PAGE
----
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It’s a Mystery: “Sooner or later, everybody pays”

By (December 1, 2009) No Comment

The Ghosts of Belfast

By Stuart Neville
Soho Press, Inc., 2009

How is it that a country that produced such literary lions as George Bernard Shaw, James Joyce, W.B. Yeats, Oscar Wilde, Sean O’Casey, J.M. Synge, and Jonathan Swift, to name but a few, has not given us a great detective? Ireland has always been a nation of storytellers: tall stories, simple stories, love stories, revelatory stories of family secrets, stories of violence, domestic or otherwise. Frank O’Connor, Sean O’Faolain, Mary Lavin, Elizabeth Bowen, Oliver Goldsmith, Liam O’Flaherty, William Trevor, among many, gave us a literary roster that almost no other country can match. But it has no Sherlock Holmes, Jules Maigret, Charlie Chan, Adam Dalgliesh, Harry Bosch, Perry Mason, Ellery Queen, Hercule Poirot or Miss O’Marple.

It’s true, there is Bartholomew Gill’s Detective Peter McGarr of Dublin’s police force. And Declan Hughes’ “Irish novels of suspense” featuring P.I. Ed Loy, who avows, “Dublin is a hard enough city to be a private citizen in, let alone a private investigator.” But they can’t hold a candle to the impressive international array of fictional hounds/gumshoes/dicks and snoopers. From India, hails Inspector Ganesh Vinayak Ghote. From Italy, Commissario Guido Brunetti. Sweden, Detectives Martin Beck and Kurt Wallander. Australia, “Bony” Inspector Napoleon Bonaparte, half British and half Aboriginal. The Navajo’s have tribal policemen Joe Leaphorn and Jim Chee. Dan Fortune is a one-armed Polish New York P.I. There are clerical sleuths, none Irish. There is Father Brown and Rabbi Small, and the wonderful 12th century monk-cum-sleuth, Brother Cadfael. The Dutch have Inspector Piet van der Valk. The Scots have Inspector John Rebus. The Greeks have Nick Stefanos. The Chinese, the seventh century Judge Dee. The Gypsies have Roman Grey. African Americans have Virgil Tibbs, Easy Rawlins, and John Shaft. Ed McBain’s 27th precinct features a superbly multicultural ensemble, while remaining uniquely American. Which could almost describe Dennis Lehane’s blue collar Boston, and his fierce and frightening thrillers—they are uniquely Irish-American.

Sidekicks are a whole other feature of some of the best detective novels. Of course, there is Holmes’ Watson. Inspector Endeavor Morse—his first name’s a story unto itself—has Sergeant Lewis. Nero Wolfe has Archie Goodwin. Inspector Thomas Lynley has Barbara Havers. The sleuthing psychologist Alex Delaware has his Detective Milo Sturgis, who happens to be gay. (Most important aside: David Brandstetter, insurance investigator and P.I., was also, not so incidentally, the first gay protagonist in the genre to reach a mainstream audience.) South Africa’s Lieutenant Tromp Kramer has his Zulu sidekick, Sergeant Mickey Zondi, Lord Peter Wimsey his impeccable manservant, Mervyn Bunter. But the absolute best in sidekicks and manservants is Lugg Magersfontein. From his name, to his colorful description, he’s a man of many talents, a former cat burglar who now moves like a circus elephant. He’s the unorthodox gentleman’s gentleman for that upper class sleuth Albert Campion.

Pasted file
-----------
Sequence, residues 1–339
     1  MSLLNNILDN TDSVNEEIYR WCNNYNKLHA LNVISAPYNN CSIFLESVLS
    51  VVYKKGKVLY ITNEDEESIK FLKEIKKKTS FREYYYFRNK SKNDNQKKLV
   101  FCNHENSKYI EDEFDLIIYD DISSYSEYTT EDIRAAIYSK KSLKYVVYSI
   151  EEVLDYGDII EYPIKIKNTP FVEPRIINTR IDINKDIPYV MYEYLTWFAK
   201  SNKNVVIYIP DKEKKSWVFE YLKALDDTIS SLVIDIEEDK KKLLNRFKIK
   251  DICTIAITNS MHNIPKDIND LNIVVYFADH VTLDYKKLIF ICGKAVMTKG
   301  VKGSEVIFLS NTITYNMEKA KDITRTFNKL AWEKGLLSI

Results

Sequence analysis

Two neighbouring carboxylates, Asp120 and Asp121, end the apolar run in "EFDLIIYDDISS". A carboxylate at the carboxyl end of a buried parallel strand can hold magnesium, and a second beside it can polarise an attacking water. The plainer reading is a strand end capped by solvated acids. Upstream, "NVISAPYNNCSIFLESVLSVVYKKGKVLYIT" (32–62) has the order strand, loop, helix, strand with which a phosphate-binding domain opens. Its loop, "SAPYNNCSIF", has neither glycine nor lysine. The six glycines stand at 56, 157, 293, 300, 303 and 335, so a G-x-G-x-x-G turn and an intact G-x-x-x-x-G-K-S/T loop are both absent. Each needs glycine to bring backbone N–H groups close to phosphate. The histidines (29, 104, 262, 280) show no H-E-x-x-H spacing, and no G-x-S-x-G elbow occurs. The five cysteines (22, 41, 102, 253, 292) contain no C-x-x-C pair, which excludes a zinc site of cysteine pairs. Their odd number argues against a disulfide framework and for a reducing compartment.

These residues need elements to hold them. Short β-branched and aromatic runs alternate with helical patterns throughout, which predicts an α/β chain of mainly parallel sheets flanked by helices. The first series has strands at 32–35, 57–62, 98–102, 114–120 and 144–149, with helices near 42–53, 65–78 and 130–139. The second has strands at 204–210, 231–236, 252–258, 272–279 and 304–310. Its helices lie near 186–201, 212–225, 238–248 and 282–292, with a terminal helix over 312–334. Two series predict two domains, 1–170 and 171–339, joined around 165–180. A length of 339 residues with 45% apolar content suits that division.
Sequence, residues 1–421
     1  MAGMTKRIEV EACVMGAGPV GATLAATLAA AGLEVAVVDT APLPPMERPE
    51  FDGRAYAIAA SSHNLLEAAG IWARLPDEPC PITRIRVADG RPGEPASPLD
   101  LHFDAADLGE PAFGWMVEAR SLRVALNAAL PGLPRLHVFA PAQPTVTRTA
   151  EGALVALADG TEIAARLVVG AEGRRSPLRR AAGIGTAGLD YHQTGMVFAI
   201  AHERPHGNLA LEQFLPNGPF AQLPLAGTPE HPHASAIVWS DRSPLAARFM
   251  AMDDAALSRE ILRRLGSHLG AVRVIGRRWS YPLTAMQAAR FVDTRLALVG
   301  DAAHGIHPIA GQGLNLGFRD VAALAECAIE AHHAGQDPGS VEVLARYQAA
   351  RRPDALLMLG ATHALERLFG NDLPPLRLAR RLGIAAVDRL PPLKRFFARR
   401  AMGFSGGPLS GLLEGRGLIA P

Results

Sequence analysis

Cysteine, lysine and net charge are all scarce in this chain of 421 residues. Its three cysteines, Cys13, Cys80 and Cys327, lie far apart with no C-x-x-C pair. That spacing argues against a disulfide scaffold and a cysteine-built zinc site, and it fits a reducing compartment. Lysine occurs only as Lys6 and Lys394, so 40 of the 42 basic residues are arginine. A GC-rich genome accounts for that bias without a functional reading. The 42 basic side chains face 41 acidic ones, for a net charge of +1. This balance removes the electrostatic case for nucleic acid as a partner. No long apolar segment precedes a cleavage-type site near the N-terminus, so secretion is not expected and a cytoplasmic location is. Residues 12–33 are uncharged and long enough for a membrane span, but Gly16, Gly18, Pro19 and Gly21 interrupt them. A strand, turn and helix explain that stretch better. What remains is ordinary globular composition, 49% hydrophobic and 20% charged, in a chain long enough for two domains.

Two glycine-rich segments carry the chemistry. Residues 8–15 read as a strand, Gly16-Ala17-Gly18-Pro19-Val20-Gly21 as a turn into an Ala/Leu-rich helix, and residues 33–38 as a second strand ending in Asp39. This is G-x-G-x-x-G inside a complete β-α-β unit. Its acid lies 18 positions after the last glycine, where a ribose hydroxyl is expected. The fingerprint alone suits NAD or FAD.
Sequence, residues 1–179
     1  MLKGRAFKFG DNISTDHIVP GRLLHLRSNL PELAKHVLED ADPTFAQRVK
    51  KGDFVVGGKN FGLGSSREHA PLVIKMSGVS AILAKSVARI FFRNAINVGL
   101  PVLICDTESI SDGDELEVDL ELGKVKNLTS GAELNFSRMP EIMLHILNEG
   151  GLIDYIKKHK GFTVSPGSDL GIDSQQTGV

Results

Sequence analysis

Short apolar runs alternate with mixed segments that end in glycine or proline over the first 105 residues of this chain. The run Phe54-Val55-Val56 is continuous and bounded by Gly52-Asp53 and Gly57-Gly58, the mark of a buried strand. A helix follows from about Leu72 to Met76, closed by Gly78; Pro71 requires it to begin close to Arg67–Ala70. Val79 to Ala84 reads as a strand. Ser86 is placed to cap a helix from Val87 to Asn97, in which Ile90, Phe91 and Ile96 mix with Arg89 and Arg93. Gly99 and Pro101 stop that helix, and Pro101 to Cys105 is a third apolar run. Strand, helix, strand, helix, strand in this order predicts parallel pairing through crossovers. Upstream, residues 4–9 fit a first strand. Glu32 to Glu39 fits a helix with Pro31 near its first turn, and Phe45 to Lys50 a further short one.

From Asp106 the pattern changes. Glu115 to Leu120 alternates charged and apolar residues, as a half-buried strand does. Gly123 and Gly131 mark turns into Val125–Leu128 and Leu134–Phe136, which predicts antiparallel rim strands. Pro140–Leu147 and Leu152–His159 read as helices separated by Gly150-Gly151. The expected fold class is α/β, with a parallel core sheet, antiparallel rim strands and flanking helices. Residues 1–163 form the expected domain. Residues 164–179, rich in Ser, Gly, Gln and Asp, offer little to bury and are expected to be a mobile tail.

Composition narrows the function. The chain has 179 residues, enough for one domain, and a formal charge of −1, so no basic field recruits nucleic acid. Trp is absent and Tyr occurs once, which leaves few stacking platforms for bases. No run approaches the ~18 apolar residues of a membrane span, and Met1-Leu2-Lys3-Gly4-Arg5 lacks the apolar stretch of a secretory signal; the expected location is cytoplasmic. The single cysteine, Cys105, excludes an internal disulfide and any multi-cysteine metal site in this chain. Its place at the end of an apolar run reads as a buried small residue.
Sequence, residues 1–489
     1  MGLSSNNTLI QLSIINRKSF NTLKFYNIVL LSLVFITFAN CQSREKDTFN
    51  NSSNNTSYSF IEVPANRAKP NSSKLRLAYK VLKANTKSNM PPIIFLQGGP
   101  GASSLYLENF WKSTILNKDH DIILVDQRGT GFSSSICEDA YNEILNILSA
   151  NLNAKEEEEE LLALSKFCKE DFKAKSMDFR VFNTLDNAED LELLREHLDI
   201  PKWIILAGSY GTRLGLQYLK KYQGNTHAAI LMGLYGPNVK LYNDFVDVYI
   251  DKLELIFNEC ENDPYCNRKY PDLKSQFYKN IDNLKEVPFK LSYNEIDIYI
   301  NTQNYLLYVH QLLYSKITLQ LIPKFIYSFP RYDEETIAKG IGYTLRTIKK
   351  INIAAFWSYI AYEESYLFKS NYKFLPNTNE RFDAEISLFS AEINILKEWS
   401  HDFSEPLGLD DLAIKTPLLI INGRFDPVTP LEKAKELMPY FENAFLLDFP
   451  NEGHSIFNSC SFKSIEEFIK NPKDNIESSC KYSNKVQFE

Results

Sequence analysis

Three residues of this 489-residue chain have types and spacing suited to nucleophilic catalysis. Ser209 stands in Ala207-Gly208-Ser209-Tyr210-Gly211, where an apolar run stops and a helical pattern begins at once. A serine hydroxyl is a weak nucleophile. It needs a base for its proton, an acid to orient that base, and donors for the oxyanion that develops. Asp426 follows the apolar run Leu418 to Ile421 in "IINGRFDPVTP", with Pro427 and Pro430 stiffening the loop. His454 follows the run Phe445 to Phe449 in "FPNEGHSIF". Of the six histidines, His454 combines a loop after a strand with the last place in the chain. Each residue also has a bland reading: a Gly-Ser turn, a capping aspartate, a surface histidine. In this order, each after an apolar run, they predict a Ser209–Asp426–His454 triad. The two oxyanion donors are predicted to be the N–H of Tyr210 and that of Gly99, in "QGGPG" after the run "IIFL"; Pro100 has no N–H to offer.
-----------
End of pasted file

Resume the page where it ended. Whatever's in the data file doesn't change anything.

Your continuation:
The twentieth century spawned a special breed of private eyes who think outside the box. They are more private avenger than private eye and their creators to a man characterize them as modern knights. They can all trace their origins to Sam Spade, whose most notable quality is his absolute adherence to a private code of ethics. Their code of honor: morality. Lew Archer: “He’s not the usual peeper…he operates with a quiet moral center.” Philip Marlowe: “A modern knight in search of a hidden truth.” Travis McGee: “…a tattered knight, dirty fighter, tender, healing lover.” He calls himself a “…salvage expert. It’s not the promise of a reward but a quixotic sense of knight-errantry.” Jack Reacher: Ex-MP, “…a wonderfully epic hero: tough, taciturn, yet vulnerable.” Spenser: spelled appropriately because “He’s a Boston private eye with the build of a prizefighter and the soul of a poet.”

It has been said that there are no private eyes in Ireland of the world class variety, because the Irish wouldn’t wear it. Because, ‘tis alleged, it brushes perilously close to the hated “informer.” You can get away with most anything except “telling.” A mantra that might well be the motto for the Irish knights-errant of the twenty first century. Doing their ancestors proud, the Irish are beginning to emerge with a splendid collection of rogues, anti-heroes, “honest” con men, and veterans of the Troubles.